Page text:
It was closed in 1774. In American history, early gambling establishments were known as saloons; the creation and importance of saloons was influenced by four major cities: New Orleans, St. Louis and San Francisco, it was in the saloons that travelers could find people to talk to, drink with, gamble with. During the early 20th century in America, gambling became outlawed and banned by state legislation and social reformers of the time. However, in 1931, gambling was legalized throughout the state of Nevada. America's first legalized casinos were set up in those places. In 1976 New Jersey allowed gambling in Atlantic City, now America's second largest gambling city. Most jurisdictions worldwide have a minimum gambling age. Customers gamble by playing games of chance, in some cases with an element of skill, such as craps, baccarat and video poker. Most games played have mathematically determined odds that ensure the house has at all times an overall advantage over the players; this can be expressed more by the notion of expected value, uniformly negative.
This advantage is called the house edge. In games such as poker where players play against each other, the house takes a commission called the rake. Casinos sometimes give out complimentary comps to gamblers. Payout is the percentage of funds returned to players. Casinos in the United States say that a player staking money won from the casino is playing with the house's money. Video Lottery Machines have become one of the most popular forms of gambling in casinos; as of 2011 investigative reports have started calling into question whether the modern-day slot-machine is addictive. Casino design—regarded as a psychological exercise—is an intricate process that involves optimising floor plan, décor and atmospherics to encourage gambling. Factors influencing gambling tendencies include sound and lighting. Natasha Dow Schüll, an anthropologist at the Massachusetts Institute of Technology, highlights the decision of the audio directors at Silicon Gaming to make its slot machines resonate in "the universally pleasant tone of C, sampling existing casino soundscapes to create a sound that would please but not clash".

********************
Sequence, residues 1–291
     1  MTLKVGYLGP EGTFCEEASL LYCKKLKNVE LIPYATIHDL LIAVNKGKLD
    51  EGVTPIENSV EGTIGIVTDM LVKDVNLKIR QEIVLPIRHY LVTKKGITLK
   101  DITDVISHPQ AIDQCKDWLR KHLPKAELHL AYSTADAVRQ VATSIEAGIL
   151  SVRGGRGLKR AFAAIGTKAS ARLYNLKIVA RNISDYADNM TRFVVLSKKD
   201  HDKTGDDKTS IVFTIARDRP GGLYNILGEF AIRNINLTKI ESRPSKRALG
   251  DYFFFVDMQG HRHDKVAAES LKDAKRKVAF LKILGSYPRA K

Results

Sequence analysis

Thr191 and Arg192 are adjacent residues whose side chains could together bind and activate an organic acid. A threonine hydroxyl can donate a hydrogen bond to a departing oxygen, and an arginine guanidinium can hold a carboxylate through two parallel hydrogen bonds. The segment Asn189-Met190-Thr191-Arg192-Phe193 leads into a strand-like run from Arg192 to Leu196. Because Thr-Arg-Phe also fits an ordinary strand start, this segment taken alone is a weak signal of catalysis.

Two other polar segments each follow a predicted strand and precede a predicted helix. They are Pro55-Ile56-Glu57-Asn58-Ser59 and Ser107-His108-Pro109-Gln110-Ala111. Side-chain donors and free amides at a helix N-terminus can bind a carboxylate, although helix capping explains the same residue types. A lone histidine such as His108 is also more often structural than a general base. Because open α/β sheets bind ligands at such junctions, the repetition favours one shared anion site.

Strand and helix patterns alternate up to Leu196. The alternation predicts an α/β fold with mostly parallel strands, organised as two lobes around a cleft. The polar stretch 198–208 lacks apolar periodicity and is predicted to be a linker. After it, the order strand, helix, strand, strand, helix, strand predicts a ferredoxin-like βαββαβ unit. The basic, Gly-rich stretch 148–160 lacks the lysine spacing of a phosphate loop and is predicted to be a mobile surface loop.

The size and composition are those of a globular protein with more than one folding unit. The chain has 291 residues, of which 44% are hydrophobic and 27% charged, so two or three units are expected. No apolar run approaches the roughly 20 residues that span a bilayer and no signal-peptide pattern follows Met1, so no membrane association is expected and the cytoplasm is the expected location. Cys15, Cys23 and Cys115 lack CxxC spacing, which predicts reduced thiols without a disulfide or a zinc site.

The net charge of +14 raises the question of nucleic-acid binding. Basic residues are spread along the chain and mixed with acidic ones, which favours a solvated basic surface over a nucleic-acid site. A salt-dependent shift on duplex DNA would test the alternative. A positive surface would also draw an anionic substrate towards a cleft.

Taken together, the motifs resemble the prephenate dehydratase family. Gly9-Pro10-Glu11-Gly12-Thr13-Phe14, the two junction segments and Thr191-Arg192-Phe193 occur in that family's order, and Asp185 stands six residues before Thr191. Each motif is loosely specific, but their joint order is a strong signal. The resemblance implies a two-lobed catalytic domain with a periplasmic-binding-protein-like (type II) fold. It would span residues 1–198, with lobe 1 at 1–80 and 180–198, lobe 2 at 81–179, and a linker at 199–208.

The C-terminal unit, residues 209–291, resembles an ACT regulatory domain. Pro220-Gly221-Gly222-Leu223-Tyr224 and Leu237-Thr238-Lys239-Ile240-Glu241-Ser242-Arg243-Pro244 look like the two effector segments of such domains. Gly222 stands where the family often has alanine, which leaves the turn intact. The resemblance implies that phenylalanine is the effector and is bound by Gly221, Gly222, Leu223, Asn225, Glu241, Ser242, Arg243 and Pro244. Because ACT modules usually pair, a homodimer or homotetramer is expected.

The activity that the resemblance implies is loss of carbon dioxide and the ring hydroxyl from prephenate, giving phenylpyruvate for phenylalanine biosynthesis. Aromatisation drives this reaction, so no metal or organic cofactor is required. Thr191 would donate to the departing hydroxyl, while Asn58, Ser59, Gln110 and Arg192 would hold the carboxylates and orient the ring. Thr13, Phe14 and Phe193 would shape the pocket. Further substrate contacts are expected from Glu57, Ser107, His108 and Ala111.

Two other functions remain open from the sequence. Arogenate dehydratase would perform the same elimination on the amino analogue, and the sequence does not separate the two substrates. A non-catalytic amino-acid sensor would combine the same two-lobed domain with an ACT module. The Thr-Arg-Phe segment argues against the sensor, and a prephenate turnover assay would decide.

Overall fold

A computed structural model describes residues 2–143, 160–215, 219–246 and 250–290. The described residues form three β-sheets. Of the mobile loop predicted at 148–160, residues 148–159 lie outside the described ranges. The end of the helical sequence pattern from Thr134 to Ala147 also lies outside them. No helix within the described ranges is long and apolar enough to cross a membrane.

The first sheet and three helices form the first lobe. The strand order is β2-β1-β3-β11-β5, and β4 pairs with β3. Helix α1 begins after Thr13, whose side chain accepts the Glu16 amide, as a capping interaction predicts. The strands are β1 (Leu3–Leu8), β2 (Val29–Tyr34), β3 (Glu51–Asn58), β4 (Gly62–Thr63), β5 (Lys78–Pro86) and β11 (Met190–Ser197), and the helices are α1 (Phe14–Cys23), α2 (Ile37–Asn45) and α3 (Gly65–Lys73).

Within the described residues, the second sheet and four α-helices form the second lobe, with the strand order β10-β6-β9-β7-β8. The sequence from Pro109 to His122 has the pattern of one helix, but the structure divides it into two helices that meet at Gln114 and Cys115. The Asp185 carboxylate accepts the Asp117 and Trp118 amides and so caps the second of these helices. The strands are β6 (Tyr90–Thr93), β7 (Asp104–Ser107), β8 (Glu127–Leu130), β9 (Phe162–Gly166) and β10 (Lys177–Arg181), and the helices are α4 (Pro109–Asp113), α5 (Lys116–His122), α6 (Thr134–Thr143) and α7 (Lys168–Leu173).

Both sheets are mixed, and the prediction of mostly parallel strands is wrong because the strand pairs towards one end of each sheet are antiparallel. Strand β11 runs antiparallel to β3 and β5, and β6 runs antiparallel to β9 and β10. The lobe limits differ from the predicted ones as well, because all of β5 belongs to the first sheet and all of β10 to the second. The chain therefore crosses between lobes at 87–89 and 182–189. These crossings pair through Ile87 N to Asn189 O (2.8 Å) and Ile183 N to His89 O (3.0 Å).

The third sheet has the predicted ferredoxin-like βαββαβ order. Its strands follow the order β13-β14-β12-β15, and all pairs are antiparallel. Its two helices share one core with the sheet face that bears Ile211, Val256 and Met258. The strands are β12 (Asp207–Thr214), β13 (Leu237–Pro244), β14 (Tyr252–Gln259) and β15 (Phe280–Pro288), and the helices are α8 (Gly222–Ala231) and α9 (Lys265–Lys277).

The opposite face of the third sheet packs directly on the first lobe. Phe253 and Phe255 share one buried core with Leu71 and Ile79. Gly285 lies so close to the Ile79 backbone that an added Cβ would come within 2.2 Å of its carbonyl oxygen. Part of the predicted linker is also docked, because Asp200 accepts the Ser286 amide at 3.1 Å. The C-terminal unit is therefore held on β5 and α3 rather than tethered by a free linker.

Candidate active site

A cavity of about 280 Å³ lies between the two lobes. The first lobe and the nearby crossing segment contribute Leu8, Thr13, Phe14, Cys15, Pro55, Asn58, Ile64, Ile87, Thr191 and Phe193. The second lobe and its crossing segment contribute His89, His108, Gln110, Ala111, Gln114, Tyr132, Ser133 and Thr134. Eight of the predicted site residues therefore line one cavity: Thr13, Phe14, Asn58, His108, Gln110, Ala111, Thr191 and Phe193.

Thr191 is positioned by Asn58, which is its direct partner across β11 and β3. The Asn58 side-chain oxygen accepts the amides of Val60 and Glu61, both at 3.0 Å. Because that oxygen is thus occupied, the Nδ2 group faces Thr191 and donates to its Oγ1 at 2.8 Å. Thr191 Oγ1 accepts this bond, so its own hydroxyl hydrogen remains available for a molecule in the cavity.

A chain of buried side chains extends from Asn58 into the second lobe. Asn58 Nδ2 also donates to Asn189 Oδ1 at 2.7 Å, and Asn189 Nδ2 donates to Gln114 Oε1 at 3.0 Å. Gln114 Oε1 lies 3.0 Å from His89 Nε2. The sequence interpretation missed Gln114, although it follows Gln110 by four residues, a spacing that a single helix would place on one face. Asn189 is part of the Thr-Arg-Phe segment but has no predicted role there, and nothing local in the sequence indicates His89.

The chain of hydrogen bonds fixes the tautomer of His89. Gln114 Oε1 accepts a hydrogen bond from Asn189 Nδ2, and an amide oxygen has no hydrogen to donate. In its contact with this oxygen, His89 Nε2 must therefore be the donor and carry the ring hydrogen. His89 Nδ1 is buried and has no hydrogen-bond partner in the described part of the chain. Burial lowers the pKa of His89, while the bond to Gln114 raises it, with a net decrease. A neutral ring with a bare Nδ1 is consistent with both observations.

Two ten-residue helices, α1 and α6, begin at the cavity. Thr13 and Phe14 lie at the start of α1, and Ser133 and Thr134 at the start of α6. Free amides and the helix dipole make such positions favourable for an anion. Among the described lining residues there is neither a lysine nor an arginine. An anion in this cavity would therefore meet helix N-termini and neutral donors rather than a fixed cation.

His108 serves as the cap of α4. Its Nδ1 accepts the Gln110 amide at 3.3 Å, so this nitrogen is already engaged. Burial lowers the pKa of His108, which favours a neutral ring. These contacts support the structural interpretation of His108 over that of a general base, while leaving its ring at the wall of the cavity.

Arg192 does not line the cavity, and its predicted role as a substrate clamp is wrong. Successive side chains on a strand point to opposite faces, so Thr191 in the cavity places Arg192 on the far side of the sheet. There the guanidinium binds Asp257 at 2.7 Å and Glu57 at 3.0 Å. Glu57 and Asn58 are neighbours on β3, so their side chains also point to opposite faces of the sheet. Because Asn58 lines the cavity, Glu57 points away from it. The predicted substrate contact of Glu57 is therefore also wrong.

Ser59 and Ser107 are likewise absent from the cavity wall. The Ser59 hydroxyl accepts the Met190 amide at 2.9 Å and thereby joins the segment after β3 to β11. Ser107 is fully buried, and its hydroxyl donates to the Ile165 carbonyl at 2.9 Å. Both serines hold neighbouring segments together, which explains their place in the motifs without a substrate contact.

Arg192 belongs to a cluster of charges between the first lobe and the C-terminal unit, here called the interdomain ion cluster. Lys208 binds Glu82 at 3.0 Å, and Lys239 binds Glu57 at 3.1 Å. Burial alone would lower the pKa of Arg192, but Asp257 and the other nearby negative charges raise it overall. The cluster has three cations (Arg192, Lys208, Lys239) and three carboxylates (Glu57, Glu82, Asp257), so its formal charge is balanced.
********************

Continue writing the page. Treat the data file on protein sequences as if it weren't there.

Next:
Dr Alan Hirsch, founder of the Smell & Taste Treatment and Research Foundation in Chicago, studied the impact of certain scents on gamblers, discerning that a pleasant albeit unidentifiable odour released by Las Vegas slot machines generated about 50% more in daily revenue. He suggested. Casino designer Roger Thomas is credited with implementing a successful, disruptive design for the Las Vegas Wynn Resorts casinos in 2008, he broke casino design convention by introducing natural sunlight and flora to appeal to women. Thomas put in skylights and antique clocks, defying the commonplace notion that a casino should be a timeless space; the following li
West Midlands Metro
West Midlands Metro is a light-rail/tram line in the county of West Midlands, operating between the cities of Birmingham and Wolverhampton via the towns of West Bromwich and Wednesbury. The line operates on streets in urban areas, reopened conventional rail tracks that link the towns and cities, it is owned by Transport for West Midlands. The Midland Metro Alliance brings together TfWM as well as various engineering and consultancy firms in a long term framework agreement to design and construct future expansions; the system was known as Midland Metro prior to June 2018. The line opened on 30 May 1999 using the former mothballed Birmingham Snow Hill to Wolverhampton Low Level Line; the line terminated at Birmingham Snow Hill station at the edge of Birmingham City Centre. An extension into the streets of the city-centre as far as Birmingham New Street station was approved in 2012, became operational in 2016, with a further extension planned. Various other extensions, including new lines, are under construction, this will extend the line towards Centenary Square, Brindley Place, Five Ways and Edgbaston.
Birmingham once had an extensive tram network run by Birmingham Corporation Tramways. However, as in most British cities, the network was abandoned, with the last tram running in 1953. There had been proposals for a light rail or Metro system in Birmingham and the Black Country put forward as early as the 1950s and 1960s at a time when some of the region's lines and services were beginning to be cut back. However, serious inquiry into the possibility started in 1981 when the West Midlands County Council and the West Midlands Passenger Transport Executive formed a joint planning committee to look at light rail as a means of solving the conurbation's congestion problems. In the summer of 1984 they produced a report entitled "Rapid Transit for the West Midlands" which set out ambitious proposals for a £500 million network of ten light rail routes which would be predominantly street running, but would include some underground sections in Birmingham city centre. One of the proposed routes would have used part of the existing line as far as West Bromwich.